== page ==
Related article: Plans Unveiled for New Goldman Sachs 10,000 Small Businesses Education Center at LaGuardia Community College (June 7, 2016)


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     Chronicle of Higher Education Online: Announcements

    Compiled by Anais Stickland APRIL 02, 2017

    Dr. Gail O. Mellow, president of City University of New York LaGuardia Community College, received the 2017 TIAA Institute Theodore M. Hesburgh Award for Leadership Excellence in Higher Education from the American Council on Education, which administers the award on behalf of the TIAA Institute.

     President Mellow Honored for Advancing the Public Image of U.S. Community Colleges, for Essay in Baltimore Sun
    President Mellow Honored for Advancing the Public Image of U.S. Community Colleges, for Essay in Baltimore Sun


    Long Island City, NY (April 3, 2017)—LaGuardia Community College President Gail O. Mellow has been selected as a winner of the 2017 Public Image of the Two-Year College Award (the “Fame” award), from the Two-Year College English Association (TYCA) of the National Council of Teachers of English (NCTE). Dr. Mellow shares this award with DeRionne Pollard, president of Montgomery College in Rockville, Maryland. They were selected for an essay they co-authored and published in the February 20, 2017 issue of the Baltimore Sun, “ Community Colleges Can Heal a Divided America.” In the award notification, TYCA noted that their article “exemplifies the type of work honored by the Public Image of Two-Year Colleges Committee,” and recognized their continued advocacy of the two-year college.


    Dr. Mellow and Dr. Pollard’s essay was a response to the polarization throughout our communities following the 2016 presidential election. They write that because of the inclusiveness, affordability, and high-quality academics available at community colleges, that they are potential places of “dialogue and healing.”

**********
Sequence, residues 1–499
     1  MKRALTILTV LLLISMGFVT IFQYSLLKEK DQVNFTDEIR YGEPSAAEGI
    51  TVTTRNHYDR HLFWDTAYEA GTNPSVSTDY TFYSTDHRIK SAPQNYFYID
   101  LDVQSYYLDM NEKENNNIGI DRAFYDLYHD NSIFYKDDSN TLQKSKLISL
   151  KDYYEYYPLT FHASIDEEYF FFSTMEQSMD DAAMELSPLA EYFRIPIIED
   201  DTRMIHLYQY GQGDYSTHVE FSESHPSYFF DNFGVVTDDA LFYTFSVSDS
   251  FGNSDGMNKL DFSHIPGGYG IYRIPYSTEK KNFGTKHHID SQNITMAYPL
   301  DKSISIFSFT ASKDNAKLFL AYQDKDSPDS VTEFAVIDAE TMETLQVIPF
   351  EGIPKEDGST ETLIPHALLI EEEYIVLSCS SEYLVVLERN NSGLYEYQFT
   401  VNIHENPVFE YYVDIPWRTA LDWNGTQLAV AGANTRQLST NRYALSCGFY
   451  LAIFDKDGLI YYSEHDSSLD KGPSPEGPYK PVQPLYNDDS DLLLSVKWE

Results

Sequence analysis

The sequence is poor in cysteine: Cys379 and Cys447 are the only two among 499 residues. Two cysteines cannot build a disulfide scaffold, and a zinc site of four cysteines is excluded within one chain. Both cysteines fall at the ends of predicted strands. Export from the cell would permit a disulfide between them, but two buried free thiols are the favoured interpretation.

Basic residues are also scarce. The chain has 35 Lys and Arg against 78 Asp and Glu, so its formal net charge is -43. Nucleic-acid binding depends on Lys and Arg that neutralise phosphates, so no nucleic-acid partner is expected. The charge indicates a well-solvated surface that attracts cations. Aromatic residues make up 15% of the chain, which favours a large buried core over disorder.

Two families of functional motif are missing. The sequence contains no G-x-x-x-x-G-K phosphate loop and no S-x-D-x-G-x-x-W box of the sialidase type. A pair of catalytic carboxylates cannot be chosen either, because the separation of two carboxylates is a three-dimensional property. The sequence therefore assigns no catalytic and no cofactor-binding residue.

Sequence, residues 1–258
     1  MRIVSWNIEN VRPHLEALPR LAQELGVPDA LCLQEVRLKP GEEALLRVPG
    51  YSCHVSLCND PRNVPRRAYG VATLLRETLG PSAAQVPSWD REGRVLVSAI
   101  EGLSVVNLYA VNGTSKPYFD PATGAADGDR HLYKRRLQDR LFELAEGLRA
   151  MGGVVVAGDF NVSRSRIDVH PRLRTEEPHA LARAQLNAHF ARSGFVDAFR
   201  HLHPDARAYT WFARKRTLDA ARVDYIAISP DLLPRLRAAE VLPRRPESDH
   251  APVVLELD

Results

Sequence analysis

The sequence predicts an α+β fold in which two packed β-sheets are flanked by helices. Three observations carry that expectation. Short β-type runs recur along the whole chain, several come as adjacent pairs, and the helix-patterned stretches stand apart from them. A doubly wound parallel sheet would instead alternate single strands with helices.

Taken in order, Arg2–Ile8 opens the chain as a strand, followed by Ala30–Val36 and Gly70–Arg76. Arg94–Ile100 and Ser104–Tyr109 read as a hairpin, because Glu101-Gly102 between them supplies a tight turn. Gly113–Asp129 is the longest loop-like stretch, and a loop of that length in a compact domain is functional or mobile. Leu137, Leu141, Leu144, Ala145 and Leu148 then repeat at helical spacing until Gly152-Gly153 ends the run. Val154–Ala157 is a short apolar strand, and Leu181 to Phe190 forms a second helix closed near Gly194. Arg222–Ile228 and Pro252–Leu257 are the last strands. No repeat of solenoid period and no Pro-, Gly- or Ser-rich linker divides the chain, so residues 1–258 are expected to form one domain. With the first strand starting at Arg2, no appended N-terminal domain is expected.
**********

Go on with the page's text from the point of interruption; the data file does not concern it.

As they write, “Almost without notice community colleges have become the one place where diverse groups meet in search of a common end: opportunity. There are 1,100 community colleges in the U.S., serving almost half the undergraduates in the nation. Sixty-two percent of community college students work while going to college, despite financial aid from federal and state governments. These are students who are living the realities of low-wage service jobs in urban sectors, shuttered production plants in the Midwest and collapsing family farms in the south. In the classrooms of our colleges, discussions of inequality, racism and immigration don't need the "trigger warnings" so hotly debated in some universities; our students live them every day.


    Now is the time to ask community colleges to advance the American ideal of e pluribus unum —from many, one. We must lead the movement to understand the "other" in all of our communities, to renounce efforts to vilify one another for narrow political advantage. As college presidents, we call on our national leaders to work to preserve the opportunity for Americans to learn and train without exorbitant debt, to build careers and work productively with dignity.”


    The TYCA Fame Award was established to publicly acknowledge the best positive mention of the two-year college appearing in any media during the previous year. The award gives credit to reporters, writers, filmmakers and others who seek out and publicize exemplary students, faculty, programs, campuses, and/or recognize the two-year college system.